JS: Yes I do. Specter turned on us years ago, now he’s turned on the Repubs, he really has little base left so I see it as time for me to make my move.
    BO: Well, makes a lot of sense in some respects.
    JS: In some respects? What doesn’t make sense?
    BO: Well, Arlen did me a big favor coming over when he did, and we’ve already back-stabbed him a couple times, not giving him seniority on committees and other things we promised him; now I don’t mind back-stabbing, but there is a limit or no one will believe anything I say.
    JS: So you’re saying?
    BO: Joe, you have a lot of good years ahead, even if Specter can win re-election, who knows if he’ll even live through his term. If you want something with a little more challenge or clout than being a member of the House, I’m sure we can find a good position for you as a stepping stone on up. I am the Democratic Party, Joe, the president is always head of his party, even a novice like you should know that.
    JS: Well, what kind of thing did you have in mind?
    BO: Let’s just say that as long as a person has the appearance of being qualified, I can put a person anywhere I want. And you actually are qualified for a number of things. I make positions up if I want to, positions of power. How would you like to be my personal liason to the Navy? The top dog in the Navy would have to go through you to communicate with me, would you like that? If that isn’t a good fit, I’m sure we can work something out.
    JS: Well, I’ve already built a following for a Senate bid- lots of Dems here on the ground in PA aren’t very enthused about working to elect Specter, even if you think he’s owed it.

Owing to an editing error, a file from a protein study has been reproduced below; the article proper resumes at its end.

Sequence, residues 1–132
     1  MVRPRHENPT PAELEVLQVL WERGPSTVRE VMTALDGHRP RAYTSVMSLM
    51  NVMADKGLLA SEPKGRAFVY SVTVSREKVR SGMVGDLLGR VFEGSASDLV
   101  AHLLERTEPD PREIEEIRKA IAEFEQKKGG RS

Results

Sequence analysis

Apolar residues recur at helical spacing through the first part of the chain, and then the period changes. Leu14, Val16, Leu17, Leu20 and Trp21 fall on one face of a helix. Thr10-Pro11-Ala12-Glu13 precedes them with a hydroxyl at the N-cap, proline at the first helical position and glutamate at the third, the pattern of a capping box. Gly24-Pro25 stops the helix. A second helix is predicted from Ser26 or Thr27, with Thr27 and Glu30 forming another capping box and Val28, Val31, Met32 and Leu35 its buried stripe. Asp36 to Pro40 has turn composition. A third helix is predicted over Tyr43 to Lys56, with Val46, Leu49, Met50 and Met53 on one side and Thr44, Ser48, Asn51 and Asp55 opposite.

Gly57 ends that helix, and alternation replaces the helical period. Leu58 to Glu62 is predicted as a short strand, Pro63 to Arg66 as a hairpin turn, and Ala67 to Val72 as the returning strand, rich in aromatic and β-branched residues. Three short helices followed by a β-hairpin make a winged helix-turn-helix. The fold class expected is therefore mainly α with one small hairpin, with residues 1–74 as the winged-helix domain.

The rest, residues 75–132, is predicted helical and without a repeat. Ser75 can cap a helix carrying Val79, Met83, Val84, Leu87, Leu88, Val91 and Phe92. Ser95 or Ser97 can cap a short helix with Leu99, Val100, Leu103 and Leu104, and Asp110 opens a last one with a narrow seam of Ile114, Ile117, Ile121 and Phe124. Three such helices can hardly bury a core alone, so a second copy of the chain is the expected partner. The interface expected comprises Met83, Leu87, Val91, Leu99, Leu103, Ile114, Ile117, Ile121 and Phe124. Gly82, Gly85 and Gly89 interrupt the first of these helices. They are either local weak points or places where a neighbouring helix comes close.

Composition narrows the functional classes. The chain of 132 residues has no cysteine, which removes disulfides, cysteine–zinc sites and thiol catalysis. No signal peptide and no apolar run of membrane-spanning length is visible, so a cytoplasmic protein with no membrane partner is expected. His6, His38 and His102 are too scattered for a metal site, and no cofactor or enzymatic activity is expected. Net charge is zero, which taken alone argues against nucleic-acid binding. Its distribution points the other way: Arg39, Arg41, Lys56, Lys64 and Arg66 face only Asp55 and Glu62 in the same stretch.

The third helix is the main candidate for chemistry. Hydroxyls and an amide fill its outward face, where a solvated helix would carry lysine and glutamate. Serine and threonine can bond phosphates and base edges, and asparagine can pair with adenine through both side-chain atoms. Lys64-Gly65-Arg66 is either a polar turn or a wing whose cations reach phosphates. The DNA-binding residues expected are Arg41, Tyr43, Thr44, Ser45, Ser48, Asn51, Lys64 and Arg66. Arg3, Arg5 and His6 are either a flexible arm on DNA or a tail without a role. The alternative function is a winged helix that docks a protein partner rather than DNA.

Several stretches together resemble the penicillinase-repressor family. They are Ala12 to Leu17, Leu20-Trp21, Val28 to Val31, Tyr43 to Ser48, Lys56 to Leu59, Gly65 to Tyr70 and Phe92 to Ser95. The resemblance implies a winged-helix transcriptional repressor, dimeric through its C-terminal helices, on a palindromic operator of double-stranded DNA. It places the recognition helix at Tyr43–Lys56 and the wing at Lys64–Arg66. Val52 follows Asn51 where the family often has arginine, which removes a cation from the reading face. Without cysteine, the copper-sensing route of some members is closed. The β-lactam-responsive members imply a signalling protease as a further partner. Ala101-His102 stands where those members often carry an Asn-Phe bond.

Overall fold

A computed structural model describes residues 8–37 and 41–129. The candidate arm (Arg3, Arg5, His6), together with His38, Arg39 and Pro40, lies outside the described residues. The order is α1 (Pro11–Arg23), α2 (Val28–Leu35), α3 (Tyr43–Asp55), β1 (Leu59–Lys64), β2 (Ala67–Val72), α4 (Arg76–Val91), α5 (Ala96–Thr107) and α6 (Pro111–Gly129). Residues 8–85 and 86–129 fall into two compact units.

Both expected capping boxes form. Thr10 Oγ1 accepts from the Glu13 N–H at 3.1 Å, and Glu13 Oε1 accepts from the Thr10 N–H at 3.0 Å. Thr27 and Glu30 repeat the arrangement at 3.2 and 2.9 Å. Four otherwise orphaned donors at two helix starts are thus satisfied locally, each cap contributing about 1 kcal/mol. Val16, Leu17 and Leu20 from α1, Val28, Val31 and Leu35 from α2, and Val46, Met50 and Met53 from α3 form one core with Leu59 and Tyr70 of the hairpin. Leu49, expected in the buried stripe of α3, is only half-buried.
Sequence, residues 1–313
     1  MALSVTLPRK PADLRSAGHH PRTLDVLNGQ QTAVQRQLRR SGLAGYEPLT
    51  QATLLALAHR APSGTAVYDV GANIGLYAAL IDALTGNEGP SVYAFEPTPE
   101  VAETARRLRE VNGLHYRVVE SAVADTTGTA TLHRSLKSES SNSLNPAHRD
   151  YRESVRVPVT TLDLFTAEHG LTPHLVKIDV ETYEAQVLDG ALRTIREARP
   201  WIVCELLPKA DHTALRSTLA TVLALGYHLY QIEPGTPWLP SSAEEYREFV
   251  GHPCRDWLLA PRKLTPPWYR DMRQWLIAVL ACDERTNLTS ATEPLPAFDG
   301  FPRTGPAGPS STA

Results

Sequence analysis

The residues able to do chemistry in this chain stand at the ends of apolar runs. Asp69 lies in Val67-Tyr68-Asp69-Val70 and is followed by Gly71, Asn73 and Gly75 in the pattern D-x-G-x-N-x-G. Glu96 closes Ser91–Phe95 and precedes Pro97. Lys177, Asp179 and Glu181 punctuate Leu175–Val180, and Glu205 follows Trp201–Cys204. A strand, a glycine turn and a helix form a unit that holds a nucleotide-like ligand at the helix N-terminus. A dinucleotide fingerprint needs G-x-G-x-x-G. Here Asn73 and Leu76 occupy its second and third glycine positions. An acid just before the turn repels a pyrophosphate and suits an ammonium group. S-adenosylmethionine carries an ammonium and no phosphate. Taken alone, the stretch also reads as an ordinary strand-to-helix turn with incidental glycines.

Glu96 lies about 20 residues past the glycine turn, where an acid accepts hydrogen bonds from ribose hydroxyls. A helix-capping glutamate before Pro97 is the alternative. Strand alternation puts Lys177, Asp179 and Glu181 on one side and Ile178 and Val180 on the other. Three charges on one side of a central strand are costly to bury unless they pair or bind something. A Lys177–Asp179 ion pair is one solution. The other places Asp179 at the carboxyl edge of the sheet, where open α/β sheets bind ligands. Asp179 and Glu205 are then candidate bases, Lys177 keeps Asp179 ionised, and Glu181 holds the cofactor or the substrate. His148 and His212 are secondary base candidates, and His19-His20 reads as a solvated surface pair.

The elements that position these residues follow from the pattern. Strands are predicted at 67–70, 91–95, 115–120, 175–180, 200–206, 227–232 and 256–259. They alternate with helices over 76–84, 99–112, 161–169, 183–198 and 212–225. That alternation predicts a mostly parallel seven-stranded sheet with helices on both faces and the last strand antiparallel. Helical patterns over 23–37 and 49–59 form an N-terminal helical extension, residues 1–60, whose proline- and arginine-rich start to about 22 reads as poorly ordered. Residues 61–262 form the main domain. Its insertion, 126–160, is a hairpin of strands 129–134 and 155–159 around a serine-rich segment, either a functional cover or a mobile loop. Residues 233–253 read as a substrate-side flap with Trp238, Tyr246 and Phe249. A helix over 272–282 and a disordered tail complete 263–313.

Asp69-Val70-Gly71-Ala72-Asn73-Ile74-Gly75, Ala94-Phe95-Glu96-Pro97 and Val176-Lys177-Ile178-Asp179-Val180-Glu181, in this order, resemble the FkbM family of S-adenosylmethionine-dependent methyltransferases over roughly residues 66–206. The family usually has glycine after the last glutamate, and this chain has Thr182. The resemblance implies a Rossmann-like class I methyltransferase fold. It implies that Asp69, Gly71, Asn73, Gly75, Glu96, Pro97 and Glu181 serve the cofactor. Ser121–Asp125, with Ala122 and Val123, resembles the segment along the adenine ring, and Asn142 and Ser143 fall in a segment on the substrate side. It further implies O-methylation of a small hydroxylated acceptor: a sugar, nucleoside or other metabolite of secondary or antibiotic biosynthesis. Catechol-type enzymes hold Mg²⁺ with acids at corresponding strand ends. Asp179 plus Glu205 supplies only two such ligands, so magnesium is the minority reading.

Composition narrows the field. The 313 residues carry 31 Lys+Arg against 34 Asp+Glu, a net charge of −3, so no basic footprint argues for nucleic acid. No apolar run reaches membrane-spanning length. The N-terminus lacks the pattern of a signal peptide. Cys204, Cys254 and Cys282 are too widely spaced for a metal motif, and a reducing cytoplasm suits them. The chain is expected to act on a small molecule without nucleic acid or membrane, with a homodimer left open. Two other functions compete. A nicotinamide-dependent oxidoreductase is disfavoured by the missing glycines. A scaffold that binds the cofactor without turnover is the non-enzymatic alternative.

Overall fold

BO: Maybe so, Joe, maybe so. I’ll tell you right now don’t expect any help from the DNC in running in the primary. For now I’ll let you do that on your own if you want. I’ll tell Arlen he’s got my support, but that I can’t put a gun to your head and force you to drop out…
    JS: …Um…that’s generous of you, sir.
    BO: Wha? Oh, that was just a figure of speech, Joe, you know how I can be without a teleprompter. Laughs. Talk to you later.
    JS: Thank you for your thoughtfulness, Mr. President.

    If that happened, or something similar, what law is being broken? I’m sure that even if a law was broken, this general kind of discussion has to be common if under different specific circumstances.
    So, educate me why I should care about this, especially when there’s a heck of a lot of other things more directly damaging to the country.

    MD in Philly (3d3f72)

  47. I saw this:
    Paul Khoner

    “Darryl Issa is investigating the criminal actions of Rattner, who just got busted and the whole DOE ATVM and Loan Gaurantee favoritism, misdirection of applicants, misdirection of funds and log-jamming of applicants that compete with Rattner’s, Lachlan Sewards, Matt Rogers, Steve Spinners and Mr. Tobins special Interests at DOE/WH. Feinstein and others will go down along with her husband on his Mongolia lithium, Tesla and Blum Capitol scams. It cost taxpayers over $30B in losses”